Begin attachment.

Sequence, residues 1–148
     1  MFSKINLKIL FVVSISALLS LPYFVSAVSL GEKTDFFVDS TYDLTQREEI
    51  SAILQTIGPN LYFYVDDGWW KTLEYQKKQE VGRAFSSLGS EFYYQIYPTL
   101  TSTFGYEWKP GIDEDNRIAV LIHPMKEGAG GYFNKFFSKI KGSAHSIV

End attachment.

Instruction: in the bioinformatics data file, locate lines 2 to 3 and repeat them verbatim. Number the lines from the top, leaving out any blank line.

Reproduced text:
     1  MFSKINLKIL FVVSISALLS LPYFVSAVSL GEKTDFFVDS TYDLTQREEI
    51  SAILQTIGPN LYFYVDDGWW KTLEYQKKQE VGRAFSSLGS EFYYQIYPTL